With the budget season approaching, many condominium associations may wonder how to prepare a budget when it’s anticipated that members will vote to waive or partially fund reserves. The board must create a proposed annual budget that includes estimated revenues and expenses. In addition to annual operating expenses, Section 718.112(2)(f)(2)a, Florida Statutes, requires the proposed budget to reserve money for roof replacement, building painting, pavement resurfacing, and any other item that has a deferred maintenance expense or replacement cost that exceeds $10,000. Reserves are calculated based on a formula contained in the Florida Administrative Code, designed to accrue money over the useful life of the individual assets so that the association is not forced to impose special assessments to repair or replace the assets. Budgeting for reserves is complex because it requires estimating the remaining useful life of the building components, their future replacement cost, and accounting for the funds previously saved. The association should retain a reserve specialist to produce a reserve study periodically and work with its accountant to budget for reserves.
Reserving adequate funds in the budget so the association will have enough money to repair or replace building components at the end of their useful lives is referred to as fully funding reserves. The proposed budget must include fully-funded reserves. The budget cannot anticipate that reserves will be waived, or partially funded. After the proposed budget is prepared, the association must select a date and time for a meeting to consider the budget. After selecting a meeting date and time, a copy of the meeting notice and the proposed budget must be sent to all unit owners at least fourteen days in advance of the meeting at which the budget will be considered. The governing documents must be reviewed to determine if additional notice is required. At the meeting, a final budget will be adopted and the membership may vote to waive or partially fund the reserves. The Condominium Act requires a majority vote of the membership at the meeting at which a quorum is present to waive or partially fund the reserves. However, your governing document may contain a different threshold, such as the majority of all members. If a vote is not taken, a quorum is not present at the meeting, or a majority of the voting interest does not vote to waive or partially fund reserves, the fully-funded reserves included in the budget goes into effect.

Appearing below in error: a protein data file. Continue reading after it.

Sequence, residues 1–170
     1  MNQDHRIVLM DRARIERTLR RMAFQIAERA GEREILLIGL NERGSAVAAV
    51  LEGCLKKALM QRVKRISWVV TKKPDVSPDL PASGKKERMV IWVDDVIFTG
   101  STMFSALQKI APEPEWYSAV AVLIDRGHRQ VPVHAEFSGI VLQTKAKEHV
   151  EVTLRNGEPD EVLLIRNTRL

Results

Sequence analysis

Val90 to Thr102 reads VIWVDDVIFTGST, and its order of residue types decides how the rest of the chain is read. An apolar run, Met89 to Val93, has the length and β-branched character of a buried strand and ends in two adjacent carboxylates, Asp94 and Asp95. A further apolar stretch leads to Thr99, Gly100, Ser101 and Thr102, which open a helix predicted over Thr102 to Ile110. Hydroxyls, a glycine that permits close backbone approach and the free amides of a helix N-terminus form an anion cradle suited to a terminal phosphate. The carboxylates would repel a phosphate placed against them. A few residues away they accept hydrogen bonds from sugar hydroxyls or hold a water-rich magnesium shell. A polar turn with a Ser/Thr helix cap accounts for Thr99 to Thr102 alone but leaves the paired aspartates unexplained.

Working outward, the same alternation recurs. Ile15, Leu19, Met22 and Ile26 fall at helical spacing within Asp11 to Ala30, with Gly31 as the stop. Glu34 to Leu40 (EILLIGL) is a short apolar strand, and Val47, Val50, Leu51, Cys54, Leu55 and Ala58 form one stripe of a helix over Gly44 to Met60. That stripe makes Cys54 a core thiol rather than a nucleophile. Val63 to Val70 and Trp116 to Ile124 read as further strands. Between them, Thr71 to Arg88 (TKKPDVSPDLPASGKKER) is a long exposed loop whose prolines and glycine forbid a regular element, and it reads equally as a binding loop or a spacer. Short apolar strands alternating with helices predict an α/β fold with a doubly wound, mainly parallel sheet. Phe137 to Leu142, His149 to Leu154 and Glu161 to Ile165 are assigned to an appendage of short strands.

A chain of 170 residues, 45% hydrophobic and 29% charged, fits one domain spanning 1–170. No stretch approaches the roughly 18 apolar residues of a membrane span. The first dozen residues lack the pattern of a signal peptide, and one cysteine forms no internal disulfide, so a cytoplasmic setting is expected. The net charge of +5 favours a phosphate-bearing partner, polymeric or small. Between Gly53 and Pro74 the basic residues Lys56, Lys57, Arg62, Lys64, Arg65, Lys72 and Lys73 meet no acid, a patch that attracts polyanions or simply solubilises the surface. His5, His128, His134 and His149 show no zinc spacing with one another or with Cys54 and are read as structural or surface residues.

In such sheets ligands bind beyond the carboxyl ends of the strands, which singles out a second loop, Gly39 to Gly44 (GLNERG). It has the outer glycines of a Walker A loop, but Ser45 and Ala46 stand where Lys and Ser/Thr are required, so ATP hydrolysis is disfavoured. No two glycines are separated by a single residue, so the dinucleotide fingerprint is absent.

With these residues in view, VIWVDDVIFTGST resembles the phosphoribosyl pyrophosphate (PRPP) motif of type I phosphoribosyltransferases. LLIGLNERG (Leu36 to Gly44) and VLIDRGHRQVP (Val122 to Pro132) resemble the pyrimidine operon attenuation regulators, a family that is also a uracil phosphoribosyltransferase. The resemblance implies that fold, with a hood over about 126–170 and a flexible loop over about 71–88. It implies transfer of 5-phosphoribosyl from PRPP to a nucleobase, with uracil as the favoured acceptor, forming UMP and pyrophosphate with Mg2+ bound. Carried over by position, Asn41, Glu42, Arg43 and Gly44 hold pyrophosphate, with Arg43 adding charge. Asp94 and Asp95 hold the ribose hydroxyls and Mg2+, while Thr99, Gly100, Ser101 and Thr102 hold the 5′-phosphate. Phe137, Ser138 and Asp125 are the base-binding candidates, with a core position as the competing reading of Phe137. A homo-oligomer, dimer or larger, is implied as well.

Unlike condominiums, Florida homeowners’ associations are not required to include reserves in their budget unless the developer initially established the reserve accounts or if the membership of the association affirmatively elects to provide for reserves, referred to as “statutory reserves.” If your homeowners’ association implemented statutory reserves, then fully funded reserve accounts must be provided in the proposed budget. Similar to condominium associations, the membership of the homeowners’ association may vote to waive or partially fund the reserves. If the membership does not vote to waive or partially fund the reserves, then the fully-funded reserves contained in the proposed budget go into effect.
Condominium associations, and homeowners’ associations with statutory reserves must provide fully funded reserve accounts in their proposed budgets. The reserves may only be waived or partially funded by the vote of the membership.